Saturday, January 11, 2014

Saying Yes: Making Their Ideas a Reality

In my last post, Student Motivation: It's No Mystery, I shared the five-week mystery unit that my students designed and implemented. The depth of their learning and the ownership that they took was astounding. In their impromptu planning session, one idea kept re-occurring: the students wanted a real mystery to actually solve. I pondered over how to make this idea become a reality that would also promote collaboration, communication, problem-solving, and critical thinking.  I turned to my PLN, both in school and online, and although they shared some great ideas, nothing felt right...until one of my learners, we'll call her Annabeth, approached me with an idea.

Annabeth had the idea to write a mystery for the class (that's right folks; a middle school student ASKED to write). She wanted to call it "The Case of the Missing Teacher." I would be the missing teacher. She wrote down some initial ideas which included reaching out to a fellow 6th grade teacher, both of our administrators, our school counselor, and our school librarian. With little prompting, she applied everything she had learned about the structure of a well-written, highly interesting mystery. She spoke with each of the individuals to plan their role in our mystery, making sure that supervision of students would not be an issue (I was hidden in a storage room which backs up to our classroom, giving me the ability to hear their conversation).

The first clue was in the form of a warm-up with grammatical errors; using each error, the students could put together the name of the first individual who held the key to their journey to find their missing teacher. With a smile, Annabeth told me that the dead giveaway that the warm up was not from me was the fact that it told them to do a packet of worksheets. For each of the subsequent clues, Annabeth composed a poem with a riddle for the class to solve. It was so interesting to listen to the students working together to find me. It took them an hour and twenty minutes. Once found, and rescued, they students stumbled over one another trying to tell me about their adventure. They bragged on their ability to apply their knowledge and rescue me from "my kidnapper." They explained how what we had been learning about analyzing text, listening, problem-solving, and sharing ideas was the key to solving the mystery. Then it was revealed that this experience was not orchestrated by me at was their peer, Annabeth. Needless to say, they were impressed and begged to do this again.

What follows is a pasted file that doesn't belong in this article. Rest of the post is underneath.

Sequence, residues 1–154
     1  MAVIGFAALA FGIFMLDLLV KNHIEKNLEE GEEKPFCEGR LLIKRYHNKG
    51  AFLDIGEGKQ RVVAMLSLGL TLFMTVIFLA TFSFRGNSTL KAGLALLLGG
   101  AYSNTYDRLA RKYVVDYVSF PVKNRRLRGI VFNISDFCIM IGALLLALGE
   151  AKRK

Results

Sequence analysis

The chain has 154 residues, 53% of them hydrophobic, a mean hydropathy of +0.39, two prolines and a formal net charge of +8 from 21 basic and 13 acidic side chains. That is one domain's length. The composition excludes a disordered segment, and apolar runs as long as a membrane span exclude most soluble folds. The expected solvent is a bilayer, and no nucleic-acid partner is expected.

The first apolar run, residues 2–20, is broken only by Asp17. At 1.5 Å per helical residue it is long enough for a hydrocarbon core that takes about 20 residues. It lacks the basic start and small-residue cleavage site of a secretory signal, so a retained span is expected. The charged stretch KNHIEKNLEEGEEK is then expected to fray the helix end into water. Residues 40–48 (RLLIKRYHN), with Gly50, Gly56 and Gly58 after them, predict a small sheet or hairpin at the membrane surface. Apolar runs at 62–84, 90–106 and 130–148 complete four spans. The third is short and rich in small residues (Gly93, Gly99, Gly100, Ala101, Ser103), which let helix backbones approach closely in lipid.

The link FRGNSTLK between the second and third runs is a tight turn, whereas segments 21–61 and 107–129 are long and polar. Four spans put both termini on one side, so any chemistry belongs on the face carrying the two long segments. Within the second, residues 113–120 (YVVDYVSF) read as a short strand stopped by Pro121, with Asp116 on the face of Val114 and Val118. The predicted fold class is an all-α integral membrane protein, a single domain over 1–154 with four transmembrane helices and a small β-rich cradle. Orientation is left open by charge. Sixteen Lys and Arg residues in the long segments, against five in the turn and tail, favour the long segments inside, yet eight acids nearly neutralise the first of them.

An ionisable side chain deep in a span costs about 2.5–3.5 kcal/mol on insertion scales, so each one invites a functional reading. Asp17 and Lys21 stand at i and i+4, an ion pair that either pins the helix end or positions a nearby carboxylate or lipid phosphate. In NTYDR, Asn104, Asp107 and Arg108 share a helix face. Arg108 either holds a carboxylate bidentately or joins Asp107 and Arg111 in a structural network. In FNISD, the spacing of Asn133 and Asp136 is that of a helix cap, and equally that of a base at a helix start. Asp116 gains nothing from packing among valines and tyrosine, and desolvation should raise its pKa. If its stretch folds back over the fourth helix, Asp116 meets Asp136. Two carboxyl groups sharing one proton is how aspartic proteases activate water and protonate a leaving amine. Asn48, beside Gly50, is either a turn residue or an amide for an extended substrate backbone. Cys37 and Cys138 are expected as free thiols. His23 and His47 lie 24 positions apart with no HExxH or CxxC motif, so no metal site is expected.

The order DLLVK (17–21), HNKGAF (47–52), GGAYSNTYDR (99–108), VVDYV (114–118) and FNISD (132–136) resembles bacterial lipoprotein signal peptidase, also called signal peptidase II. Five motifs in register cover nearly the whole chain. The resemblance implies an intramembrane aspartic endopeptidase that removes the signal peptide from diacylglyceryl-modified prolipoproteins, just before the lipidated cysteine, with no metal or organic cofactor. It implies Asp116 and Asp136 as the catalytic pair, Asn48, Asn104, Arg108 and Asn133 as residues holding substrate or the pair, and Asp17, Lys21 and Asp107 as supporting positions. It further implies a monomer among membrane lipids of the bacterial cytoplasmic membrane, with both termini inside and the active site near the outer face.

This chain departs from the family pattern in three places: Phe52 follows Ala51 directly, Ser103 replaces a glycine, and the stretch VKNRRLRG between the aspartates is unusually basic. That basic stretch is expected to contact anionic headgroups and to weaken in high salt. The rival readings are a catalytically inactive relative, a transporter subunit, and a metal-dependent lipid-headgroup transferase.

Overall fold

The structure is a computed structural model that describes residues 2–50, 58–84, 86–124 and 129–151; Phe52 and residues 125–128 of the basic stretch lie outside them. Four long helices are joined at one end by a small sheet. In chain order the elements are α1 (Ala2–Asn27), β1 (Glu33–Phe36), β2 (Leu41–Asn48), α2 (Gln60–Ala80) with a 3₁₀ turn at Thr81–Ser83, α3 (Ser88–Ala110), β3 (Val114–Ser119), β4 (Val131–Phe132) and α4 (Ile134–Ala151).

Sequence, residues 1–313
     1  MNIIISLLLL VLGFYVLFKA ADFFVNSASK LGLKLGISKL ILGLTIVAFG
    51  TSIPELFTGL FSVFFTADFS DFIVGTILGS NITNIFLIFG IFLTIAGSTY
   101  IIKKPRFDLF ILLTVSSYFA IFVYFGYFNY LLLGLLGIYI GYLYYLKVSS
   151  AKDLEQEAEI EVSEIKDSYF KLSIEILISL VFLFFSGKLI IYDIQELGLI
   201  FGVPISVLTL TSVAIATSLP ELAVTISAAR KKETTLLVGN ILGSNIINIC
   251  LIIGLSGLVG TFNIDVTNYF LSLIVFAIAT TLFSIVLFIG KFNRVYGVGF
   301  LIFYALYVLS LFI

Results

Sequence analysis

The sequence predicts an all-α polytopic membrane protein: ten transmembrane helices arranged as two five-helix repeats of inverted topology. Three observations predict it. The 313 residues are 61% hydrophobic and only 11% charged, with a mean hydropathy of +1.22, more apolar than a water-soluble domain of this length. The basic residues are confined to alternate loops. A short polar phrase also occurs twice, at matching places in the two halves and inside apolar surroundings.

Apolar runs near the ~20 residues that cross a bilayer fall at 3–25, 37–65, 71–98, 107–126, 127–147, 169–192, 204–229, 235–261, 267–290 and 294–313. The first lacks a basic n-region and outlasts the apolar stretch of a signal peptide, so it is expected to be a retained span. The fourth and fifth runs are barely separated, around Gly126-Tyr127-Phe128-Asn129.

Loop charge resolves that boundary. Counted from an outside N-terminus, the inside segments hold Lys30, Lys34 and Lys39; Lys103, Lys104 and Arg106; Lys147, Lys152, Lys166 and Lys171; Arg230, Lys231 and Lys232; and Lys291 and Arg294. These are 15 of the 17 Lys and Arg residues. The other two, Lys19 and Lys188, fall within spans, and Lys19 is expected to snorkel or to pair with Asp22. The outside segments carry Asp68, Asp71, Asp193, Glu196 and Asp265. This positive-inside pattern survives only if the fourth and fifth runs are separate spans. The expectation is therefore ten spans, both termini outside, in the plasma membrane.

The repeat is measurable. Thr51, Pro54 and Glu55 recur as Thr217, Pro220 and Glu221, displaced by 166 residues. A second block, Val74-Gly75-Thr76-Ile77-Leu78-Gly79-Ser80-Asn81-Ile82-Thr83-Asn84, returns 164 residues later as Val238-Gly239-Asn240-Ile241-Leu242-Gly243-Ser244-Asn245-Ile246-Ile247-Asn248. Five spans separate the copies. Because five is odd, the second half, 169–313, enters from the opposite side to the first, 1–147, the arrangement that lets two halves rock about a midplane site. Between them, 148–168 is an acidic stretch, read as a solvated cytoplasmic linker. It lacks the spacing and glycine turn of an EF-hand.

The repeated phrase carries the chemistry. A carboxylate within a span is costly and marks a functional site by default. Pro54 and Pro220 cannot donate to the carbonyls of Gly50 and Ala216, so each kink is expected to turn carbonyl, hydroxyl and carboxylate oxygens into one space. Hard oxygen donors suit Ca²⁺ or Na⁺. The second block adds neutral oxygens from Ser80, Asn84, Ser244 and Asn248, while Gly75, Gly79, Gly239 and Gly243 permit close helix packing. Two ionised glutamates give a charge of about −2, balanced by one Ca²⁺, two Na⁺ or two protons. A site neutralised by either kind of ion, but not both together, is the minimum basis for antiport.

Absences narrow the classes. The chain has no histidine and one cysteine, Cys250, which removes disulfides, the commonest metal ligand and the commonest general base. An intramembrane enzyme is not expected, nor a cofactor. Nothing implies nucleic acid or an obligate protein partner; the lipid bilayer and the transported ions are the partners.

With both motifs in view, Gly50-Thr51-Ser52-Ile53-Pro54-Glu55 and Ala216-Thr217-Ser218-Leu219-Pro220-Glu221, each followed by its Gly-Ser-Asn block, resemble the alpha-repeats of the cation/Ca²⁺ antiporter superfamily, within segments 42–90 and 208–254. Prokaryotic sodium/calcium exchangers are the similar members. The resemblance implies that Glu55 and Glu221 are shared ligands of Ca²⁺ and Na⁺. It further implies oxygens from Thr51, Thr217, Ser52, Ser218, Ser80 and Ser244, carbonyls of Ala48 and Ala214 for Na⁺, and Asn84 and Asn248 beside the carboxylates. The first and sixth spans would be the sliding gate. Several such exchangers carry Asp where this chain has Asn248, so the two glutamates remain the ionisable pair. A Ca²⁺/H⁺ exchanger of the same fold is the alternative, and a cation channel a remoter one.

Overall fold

So as a classroom teacher, what can we take away from this experience? The answer to this question could easily become a series of blog posts. Personally, it showed the importance of listening to our students. If I had not been open to Annabeth's ideas and willing to help guide her through the logistical aspect of this project, my students would have missed out on the opportunity to put their knowledge and abilities to the test in an authentic manner. They learned firsthand the important of working together, problem solving, investigating options, following a process, communicating clearly, and analyzing text. Annabeth had the joy of seeing the impact that her writing, planning, and implementing had upon the learning of all of us.

Sometimes as teachers we get in the mindset of "no." We see the obstacles, not the possibilities. We worry about "covering the standards" or marking everything off of a checklist.  I know I always feel like there isn't enough time to provide my students with all of the learning experiences that I want for them. However, look at the learning that would not have transpired if I had said "no." Annabeth and her creative ideas reminded me that I need to live in a Yes-World. I need to make sure that I am not so busy that I don't stop to listen to my students' ideas. After all, it is not about me at all. It is really all about them.

Thank you, Annabeth, for the reminder.

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